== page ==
Figure 1: CT and MRI imaging reveal right lower pole mass. (A,B) CT imaging demonstrate a mass on the lower pole of the right kidney (yellow arrows). (C) MRI imaging confirms the presence and location of the mass (yellow arrow).
Gross examination

The renal specimen is designated “right kidney” and consists of a 13.2 X 7.8 X 6.3 cm radical nephrectomy specimen with a moderate amount of attached perinephric fat with a 2.3 cm in length and 0.4 cm in greatest diameter ureter, weighing 388.50 g in its entirety. A 0.8 cm in length and 0.3 cm in greatest diameter possible renal vein was identified which opened to reveal tan-pink, smooth vascular cut surfaces with no masses identified.

The specimen was bivalved through the hilum to reveal an 11.4 X 8.2 X 6.7 cm kidney with red-brown, unremarkable renal parenchyma with mildly dilated calyces. The corticomedullary junction was well-defined and measured 0.6 cm and 0.7 cm, respectively. Within the inferior pole, there was a 4.7 X 4.3 X 3.5 cm tan-white, firm, well-circumscribed, and partially (60%) necrotic mass that bulged into the perinephric fat. It remained confined to a possible capsule and remained 0.1 cm from the external surface. The mass bulged into the calyceal system but did not adhere to the urothelium. The scant amount of perinephric fat was also uninvolved. The mass remained greater than 3.0 cm from the ureter and hilar vascular margins. Indeterminate origin of mass from urothelium versus renal parenchyma. The ureter and renal pelvis were tan-pink and smooth with no masses identified (Figure 2).

Figure 2: Prominent mass on lower pole of right kidney on gross examination. Gross image of bivaled right renal specimen reveals a prominent tan-colored mass that is partially necrotic and hemorrhagic in lower pole of right kidney.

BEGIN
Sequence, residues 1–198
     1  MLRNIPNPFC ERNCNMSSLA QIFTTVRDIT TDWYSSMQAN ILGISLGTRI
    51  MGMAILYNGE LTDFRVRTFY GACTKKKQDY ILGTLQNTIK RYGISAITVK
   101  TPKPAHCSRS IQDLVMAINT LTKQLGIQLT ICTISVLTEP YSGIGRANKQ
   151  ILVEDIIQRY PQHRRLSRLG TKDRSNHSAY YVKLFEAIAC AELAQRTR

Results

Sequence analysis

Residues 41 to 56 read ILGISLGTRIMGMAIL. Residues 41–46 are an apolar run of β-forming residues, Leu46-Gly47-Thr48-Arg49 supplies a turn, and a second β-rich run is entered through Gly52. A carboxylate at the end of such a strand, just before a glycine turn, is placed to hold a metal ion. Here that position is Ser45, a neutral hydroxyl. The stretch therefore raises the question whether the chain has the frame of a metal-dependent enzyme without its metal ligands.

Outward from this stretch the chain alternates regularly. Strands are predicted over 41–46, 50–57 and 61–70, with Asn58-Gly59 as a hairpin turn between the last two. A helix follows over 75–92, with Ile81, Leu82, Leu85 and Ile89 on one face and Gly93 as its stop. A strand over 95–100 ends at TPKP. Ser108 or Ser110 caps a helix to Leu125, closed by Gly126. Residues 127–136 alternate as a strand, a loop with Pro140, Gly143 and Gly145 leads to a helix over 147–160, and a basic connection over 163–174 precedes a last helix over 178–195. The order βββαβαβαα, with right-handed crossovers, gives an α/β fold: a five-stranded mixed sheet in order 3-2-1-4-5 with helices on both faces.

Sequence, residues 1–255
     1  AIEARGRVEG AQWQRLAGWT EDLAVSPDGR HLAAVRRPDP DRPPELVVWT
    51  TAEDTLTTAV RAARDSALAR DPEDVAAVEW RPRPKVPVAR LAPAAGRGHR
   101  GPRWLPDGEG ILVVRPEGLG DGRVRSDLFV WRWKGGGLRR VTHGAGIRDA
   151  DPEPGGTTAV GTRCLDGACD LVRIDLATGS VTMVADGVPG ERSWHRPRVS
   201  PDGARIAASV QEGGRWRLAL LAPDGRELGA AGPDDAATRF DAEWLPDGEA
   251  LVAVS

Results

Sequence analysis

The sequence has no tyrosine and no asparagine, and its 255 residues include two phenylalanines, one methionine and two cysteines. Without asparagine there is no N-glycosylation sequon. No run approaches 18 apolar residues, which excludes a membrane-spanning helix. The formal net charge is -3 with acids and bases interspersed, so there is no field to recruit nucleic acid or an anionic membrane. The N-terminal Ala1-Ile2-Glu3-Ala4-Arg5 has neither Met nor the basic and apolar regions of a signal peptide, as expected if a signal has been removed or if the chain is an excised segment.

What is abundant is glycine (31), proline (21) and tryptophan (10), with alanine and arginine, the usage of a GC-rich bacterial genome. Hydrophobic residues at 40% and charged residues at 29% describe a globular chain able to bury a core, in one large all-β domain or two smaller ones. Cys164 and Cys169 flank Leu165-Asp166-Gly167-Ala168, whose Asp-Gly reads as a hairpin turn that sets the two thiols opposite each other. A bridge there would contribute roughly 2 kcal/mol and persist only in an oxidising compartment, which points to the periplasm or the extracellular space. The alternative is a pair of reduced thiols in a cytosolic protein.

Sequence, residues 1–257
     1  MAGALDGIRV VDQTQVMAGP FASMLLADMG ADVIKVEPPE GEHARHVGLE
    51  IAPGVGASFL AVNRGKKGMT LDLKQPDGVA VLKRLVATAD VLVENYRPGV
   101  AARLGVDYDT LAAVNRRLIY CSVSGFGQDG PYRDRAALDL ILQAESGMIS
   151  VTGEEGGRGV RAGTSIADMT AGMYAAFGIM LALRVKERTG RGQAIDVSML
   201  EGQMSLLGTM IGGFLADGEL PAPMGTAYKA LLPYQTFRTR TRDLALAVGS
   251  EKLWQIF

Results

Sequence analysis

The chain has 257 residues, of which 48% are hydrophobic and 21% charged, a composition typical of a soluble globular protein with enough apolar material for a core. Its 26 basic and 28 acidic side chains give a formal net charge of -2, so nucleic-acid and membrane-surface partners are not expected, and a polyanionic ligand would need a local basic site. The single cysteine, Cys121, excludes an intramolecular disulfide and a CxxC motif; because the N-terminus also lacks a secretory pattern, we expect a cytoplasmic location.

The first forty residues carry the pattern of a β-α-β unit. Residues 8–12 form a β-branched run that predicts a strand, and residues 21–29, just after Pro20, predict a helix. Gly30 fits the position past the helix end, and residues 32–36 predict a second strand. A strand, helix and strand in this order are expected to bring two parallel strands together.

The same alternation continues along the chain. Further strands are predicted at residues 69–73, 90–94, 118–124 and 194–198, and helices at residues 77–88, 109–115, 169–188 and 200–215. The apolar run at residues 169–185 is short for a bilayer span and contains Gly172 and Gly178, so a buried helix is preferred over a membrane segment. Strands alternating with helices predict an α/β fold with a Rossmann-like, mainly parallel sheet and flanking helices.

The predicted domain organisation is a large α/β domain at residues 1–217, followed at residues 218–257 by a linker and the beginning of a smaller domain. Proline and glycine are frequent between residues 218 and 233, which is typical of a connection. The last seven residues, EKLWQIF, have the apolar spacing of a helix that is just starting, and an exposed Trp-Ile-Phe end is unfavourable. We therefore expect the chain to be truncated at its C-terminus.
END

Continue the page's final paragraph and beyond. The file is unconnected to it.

Microscopic Examination

Specimen sections were initially stained via Hematoxylin and Eosin (H&E) (Figure 3A). Examination revealed renal parenchyma with mild chronic inflammation. Renal mass was well delineated from parenchyma and demonstrates a mixed papillary and solid nested growth with increased cytoplasmic clearing and prominent nucleoli. Coagulative necrosis is appreciated in about 60% of the mass. All examined lymph nodes were negative for malignancy

Figure 3: H&E staining reveal tumor morphology. Representative images of (A) H&E stained renal specimen tissues and (B) diffuse positive “block” immunohistochemical labeling of AMACR, (C) strong diffuse nuclear labeling of TFE3 and (D) PAX8 but negative labeling of (E) CK7. All images are shown at 560X magnification.

Immunohistochemistry (IHC) labeling revealed positive staining for Alpha-Methylacyl-Coa Racesmase (AMACR), and strong diffuse nuclear labeling for Transcription Factor Binding to IGHM Enhancer 3 (TFE3) and Paired Box 8 (PAX8) (Figure 3B-D). Tumor cells did not demonstrate any Cytokeratin 7 (CK7) labeling (Figure 3E). Additional stains for Succinate Dehydrogenase (SDHB), integrase interactor 1 (INI-1), and Hepatocyte Nuclear Factor 1β (HNF-1) all stained positively (Figure 4A-C). Cytokeratin AE1 / AE3 demonstrated weak, focal staining while Human Melanoma Black-45 (HMB-45) and Carbonic Anhydrase IX (CAIX) were negative (Figure 4D-F). IHC labeling is summarized in Table 1. Six months after surgery, renal function was roughly baseline and imaging studies showed no evidence of disease. The patient denied any symptoms. Eighteen months post-nephroureterectomy, the patient remains asymptomatic and presented with no signs of recurrence, progression, or metastasis.

Figure 4: Additional IHC labeling. Representative images of the renal tumor demonstrating positive staining for (A) SDHB, (B) INI-1, and (C) NHF-1. (D) Labeling for AE1 / AE3 demonstrates weak, focal staining, while (E) HNB45 and (F) CAIX stain negatively. Images are shown at 560x magnification.

Table 1: Summary of IHC labeling. IHC labels performed for this case are summarized as negative, focal positive, or positive.




Weak, focal positive